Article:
An At-Home UTI Test Should Never Replace a Visit to Your Doctor - Here's Why

Victoria Moorhouse
·2-min read

When you think you may have a UTI, it's best practice to call up your doctor and get into the office for testing. However, there may be a part of you wondering if you can skip that trip and use an at-home UTI test to confirm the issue for yourself instead.

The short answer? An at-home UTI test should never replace an actual doctor's appointment.

According to Wai Lee, MD, the director of Female Pelvic Medicine and Reconstructive Surgery at the Northwell Smith Institute for Urology, at-home UTI tests function similarly to urine dip-stick test strips, which are designed to flag specific markers that can suggest you have a UTI, such as nitrite (a chemical produced by some bacteria that cause UTIs) and leukocytes (white blood cells that fight off infection).

However, as Dr. Lee explained, not all bacteria that cause UTIs produce nitrite, which could lead to a false negative, and elevated leukocytes can also be experienced outside of infection.

The tests done at your doctor's office or a lab are much more involved and thorough to provide patients with accurate results. In fact, Dr. Lee called them "substantially more sophisticated" than urine dip-stick tests and at-home UTI tests.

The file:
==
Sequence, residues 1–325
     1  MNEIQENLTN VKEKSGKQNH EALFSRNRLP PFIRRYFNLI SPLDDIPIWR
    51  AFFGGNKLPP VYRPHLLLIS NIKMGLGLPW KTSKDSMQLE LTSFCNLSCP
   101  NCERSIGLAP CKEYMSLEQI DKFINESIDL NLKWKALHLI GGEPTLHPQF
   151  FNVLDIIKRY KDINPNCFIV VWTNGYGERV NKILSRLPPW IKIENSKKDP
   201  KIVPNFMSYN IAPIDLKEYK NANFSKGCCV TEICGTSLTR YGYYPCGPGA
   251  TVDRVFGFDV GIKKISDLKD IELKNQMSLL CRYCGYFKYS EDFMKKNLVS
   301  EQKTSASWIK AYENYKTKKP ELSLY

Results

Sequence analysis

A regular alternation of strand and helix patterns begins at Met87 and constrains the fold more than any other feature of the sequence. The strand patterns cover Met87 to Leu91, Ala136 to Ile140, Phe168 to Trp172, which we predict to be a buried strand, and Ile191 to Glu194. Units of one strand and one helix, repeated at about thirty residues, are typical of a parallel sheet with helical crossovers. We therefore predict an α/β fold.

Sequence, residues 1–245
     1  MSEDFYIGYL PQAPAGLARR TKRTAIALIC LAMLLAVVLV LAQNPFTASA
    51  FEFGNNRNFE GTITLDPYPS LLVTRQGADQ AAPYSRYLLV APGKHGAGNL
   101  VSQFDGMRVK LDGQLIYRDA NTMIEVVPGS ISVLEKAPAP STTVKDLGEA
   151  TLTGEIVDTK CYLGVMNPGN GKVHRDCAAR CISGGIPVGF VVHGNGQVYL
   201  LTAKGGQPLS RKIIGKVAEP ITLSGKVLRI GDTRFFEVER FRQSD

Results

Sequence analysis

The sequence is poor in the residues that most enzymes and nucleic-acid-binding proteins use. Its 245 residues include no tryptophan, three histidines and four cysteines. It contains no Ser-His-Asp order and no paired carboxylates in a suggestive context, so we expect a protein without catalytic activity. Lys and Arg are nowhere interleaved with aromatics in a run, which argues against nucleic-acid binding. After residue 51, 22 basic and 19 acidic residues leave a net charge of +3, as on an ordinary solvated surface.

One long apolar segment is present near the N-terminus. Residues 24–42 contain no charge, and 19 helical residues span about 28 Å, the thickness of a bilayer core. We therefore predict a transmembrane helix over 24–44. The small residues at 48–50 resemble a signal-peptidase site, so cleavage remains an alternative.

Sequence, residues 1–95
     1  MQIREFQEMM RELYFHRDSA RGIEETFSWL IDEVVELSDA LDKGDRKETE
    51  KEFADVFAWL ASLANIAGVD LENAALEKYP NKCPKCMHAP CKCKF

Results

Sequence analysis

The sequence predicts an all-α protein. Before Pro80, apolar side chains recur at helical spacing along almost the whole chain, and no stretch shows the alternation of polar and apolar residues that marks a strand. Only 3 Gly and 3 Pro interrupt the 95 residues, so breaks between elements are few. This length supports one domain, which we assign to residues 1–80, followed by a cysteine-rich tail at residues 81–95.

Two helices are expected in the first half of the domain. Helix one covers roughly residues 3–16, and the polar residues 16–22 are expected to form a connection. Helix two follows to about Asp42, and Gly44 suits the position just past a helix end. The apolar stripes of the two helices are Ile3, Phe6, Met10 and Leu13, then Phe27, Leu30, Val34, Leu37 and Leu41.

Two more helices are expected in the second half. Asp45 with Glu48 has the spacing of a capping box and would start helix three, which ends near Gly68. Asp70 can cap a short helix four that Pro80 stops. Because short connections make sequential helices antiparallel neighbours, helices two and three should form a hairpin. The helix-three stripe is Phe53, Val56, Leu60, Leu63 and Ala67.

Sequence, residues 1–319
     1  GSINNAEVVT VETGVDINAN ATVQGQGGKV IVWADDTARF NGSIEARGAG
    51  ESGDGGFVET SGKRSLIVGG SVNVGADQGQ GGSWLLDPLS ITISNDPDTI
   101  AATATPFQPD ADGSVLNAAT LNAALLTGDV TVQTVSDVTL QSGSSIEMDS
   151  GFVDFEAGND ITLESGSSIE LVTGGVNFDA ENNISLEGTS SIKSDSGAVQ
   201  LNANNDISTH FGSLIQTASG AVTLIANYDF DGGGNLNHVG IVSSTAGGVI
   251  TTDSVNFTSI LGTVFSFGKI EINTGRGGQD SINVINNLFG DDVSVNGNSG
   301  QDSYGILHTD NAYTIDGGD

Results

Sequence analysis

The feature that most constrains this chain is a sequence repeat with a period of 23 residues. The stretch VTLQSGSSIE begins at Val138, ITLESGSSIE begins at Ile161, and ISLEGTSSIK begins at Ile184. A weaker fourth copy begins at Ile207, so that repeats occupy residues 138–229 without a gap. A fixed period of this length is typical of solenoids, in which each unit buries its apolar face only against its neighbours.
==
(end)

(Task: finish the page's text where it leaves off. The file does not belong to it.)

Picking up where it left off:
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When you go to a medical professional with suspicions of a UTI, two separate tests are typically performed: a urinalysis and a urine culture. Dr. Lee said the urinalysis test, which usually takes less than a day, evaluates the amount of bacteria, leukocytes, blood cells, and yeast in the urine, and it can help doctors determine if there's any contamination from the skin. The urine culture test takes a bit longer (like two to three days) and allows doctors to see if there's harmful bacteria growing.

The urine culture test also indicates what antibiotics the bacteria may be resistant to, which can help doctors diagnose the most efficient treatment plan.

"None of these properties are detected from an at-home test, therefore I would not recommend the regular use of these tests," Dr. Lee said. "The bottom line is that the urine culture is the mainstay for diagnosis of a UTI, and this can only be performed in a doctor's office, hospital, or lab."

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Of course, the most obvious deficiency of at-home UTI tests is that they can't write you a prescription or provide you with medical advice, so even if you did take an at-home test and then test positive, you'd still need to visit your doctor.